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Explore the numerous type options, type-related features, and type-specific preferences of Adobe InDesign. Using practical, real-world examples, instructor and designer Nigel French dissects the anatomy of a typeface and defines the vocabulary of typography. The course moves from the micro to the macro level, addressing issues such as choosing page size, determining the size of margins, adjusting number columns, and achieving a clean look with baseline grids. This course takes you from laying out a page to delving into the hows and whys of typography.
We saw earlier how useful Object Styles can be for triggering a style sequence. You apply the Object Style, it applies a Paragraph Style to the first style in that frame and then to the next style and the next style and the next style. Here is another use of Object Styles, and that is when you want to combine anchored objects in your text flow. In this text frame right here, I have anchored these pictures, which means that if I move the text frame the pictures move with it.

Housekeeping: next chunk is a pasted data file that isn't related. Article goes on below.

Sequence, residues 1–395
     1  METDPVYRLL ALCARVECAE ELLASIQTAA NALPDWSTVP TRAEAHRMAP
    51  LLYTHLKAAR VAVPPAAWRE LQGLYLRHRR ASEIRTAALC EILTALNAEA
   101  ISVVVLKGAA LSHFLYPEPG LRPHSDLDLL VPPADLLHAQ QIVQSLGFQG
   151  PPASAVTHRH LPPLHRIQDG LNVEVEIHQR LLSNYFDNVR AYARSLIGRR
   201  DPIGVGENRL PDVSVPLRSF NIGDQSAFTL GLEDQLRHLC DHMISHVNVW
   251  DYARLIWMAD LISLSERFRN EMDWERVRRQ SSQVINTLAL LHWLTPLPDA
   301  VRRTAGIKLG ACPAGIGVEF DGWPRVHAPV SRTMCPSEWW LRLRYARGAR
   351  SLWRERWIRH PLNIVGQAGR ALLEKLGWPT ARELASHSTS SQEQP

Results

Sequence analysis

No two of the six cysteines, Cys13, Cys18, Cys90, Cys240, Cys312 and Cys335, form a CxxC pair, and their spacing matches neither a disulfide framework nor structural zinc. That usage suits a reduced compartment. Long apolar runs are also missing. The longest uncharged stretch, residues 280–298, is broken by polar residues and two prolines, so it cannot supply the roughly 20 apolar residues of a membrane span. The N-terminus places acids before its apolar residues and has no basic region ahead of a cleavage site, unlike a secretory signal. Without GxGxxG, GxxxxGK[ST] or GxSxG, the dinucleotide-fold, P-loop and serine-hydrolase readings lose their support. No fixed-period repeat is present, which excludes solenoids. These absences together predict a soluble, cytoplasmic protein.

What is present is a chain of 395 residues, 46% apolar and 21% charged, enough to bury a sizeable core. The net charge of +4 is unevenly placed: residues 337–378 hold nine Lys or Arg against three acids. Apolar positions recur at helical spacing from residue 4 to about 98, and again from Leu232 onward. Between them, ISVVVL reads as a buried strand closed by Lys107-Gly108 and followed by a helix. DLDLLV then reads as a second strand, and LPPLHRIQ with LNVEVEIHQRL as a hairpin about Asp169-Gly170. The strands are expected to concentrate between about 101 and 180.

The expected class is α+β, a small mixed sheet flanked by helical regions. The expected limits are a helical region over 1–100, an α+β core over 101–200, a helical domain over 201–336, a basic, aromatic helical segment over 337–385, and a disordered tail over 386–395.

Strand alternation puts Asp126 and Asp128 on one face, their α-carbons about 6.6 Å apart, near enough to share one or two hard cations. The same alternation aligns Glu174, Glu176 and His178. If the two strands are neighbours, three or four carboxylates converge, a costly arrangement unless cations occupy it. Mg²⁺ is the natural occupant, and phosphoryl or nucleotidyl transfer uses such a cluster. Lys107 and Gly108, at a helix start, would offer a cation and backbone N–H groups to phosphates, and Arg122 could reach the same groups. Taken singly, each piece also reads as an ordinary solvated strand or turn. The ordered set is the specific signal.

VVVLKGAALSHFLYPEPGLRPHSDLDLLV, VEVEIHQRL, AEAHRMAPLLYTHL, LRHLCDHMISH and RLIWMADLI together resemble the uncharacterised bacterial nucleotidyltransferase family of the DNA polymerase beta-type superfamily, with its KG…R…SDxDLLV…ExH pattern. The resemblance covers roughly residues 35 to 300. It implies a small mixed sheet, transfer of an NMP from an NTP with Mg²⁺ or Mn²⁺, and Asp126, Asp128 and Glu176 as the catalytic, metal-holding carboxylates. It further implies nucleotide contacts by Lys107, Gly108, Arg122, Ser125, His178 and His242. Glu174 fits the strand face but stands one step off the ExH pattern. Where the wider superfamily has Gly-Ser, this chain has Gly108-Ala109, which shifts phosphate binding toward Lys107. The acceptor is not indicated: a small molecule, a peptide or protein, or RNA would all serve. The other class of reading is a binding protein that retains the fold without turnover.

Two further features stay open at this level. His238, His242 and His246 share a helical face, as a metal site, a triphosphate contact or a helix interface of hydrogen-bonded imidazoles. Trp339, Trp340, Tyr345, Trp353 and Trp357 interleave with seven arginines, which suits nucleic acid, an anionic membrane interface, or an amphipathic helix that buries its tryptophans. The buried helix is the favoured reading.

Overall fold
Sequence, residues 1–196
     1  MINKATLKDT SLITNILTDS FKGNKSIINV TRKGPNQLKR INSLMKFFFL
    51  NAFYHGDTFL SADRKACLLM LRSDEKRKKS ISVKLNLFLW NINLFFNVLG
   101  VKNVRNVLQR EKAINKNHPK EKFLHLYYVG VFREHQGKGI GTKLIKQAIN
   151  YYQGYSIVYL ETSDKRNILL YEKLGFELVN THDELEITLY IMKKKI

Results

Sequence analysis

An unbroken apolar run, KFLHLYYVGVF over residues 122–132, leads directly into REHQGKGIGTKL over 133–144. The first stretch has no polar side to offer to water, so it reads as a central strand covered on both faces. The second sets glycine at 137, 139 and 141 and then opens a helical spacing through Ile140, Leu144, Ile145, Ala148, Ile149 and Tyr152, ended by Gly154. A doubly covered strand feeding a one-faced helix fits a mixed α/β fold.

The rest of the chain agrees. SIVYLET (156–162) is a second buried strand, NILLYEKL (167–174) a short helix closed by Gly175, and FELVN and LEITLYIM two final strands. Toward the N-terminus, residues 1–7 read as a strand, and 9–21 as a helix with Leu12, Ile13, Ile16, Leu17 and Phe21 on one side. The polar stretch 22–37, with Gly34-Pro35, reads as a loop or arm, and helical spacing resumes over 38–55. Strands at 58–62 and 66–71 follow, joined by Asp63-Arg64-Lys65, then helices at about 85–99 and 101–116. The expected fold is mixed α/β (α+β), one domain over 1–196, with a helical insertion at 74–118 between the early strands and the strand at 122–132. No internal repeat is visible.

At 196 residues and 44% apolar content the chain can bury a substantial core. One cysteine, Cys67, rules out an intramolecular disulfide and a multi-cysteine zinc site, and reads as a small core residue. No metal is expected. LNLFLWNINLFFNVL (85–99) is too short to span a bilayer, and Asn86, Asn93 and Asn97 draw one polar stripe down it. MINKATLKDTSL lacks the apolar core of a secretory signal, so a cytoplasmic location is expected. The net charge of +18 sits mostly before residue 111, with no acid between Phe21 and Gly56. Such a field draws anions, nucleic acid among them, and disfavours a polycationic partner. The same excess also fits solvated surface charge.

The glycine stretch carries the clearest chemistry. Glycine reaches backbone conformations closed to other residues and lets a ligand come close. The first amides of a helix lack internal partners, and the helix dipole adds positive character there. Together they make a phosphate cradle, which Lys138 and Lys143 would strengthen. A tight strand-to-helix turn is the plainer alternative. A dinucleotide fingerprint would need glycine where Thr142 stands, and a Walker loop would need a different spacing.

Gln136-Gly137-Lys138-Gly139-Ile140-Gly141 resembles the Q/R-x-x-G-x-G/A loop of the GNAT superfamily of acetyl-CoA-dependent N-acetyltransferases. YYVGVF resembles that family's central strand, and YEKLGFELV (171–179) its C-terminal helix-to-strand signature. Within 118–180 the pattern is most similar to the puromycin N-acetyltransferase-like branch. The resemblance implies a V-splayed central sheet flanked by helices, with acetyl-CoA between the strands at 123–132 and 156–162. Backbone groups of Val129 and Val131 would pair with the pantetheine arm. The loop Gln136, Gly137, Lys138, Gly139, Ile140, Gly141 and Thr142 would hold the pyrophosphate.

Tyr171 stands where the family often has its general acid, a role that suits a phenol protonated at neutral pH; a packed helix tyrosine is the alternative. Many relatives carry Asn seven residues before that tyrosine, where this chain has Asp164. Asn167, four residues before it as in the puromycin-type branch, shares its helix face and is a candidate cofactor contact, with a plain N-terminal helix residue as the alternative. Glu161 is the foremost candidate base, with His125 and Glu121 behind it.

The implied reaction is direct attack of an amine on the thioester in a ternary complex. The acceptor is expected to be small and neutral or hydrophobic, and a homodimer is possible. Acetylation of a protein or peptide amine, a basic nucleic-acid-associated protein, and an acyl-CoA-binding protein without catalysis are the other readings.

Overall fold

Let's turn on the guides. It also means that if I change the position of one of these pictures, each of which has an Object Style applied to it, I can redefine that Object Style and they will all change. By which I mean this, I am now going to move the text frame to columns 2 and 3, and then select one of the pictures and nudge that over, I am pressing my Shift key and my left arrow to move it over incrementally, and that's the position that I want the pictures to be in relative to the text.
I can now come to my Object Styles where I see this object style has been applied to all of these, I can then Redefine that and they are all going to move now in the same relationship to the text. So how do we get this in the first place? What I am going to do is I am going to turn on my beginning layer and turn off layer 1 where we see I have four empty picture frames. I am then going to come to my Mini Bridge panel, which is already cued up to the right folder, this is the Images folder inside the Exercise Files folder.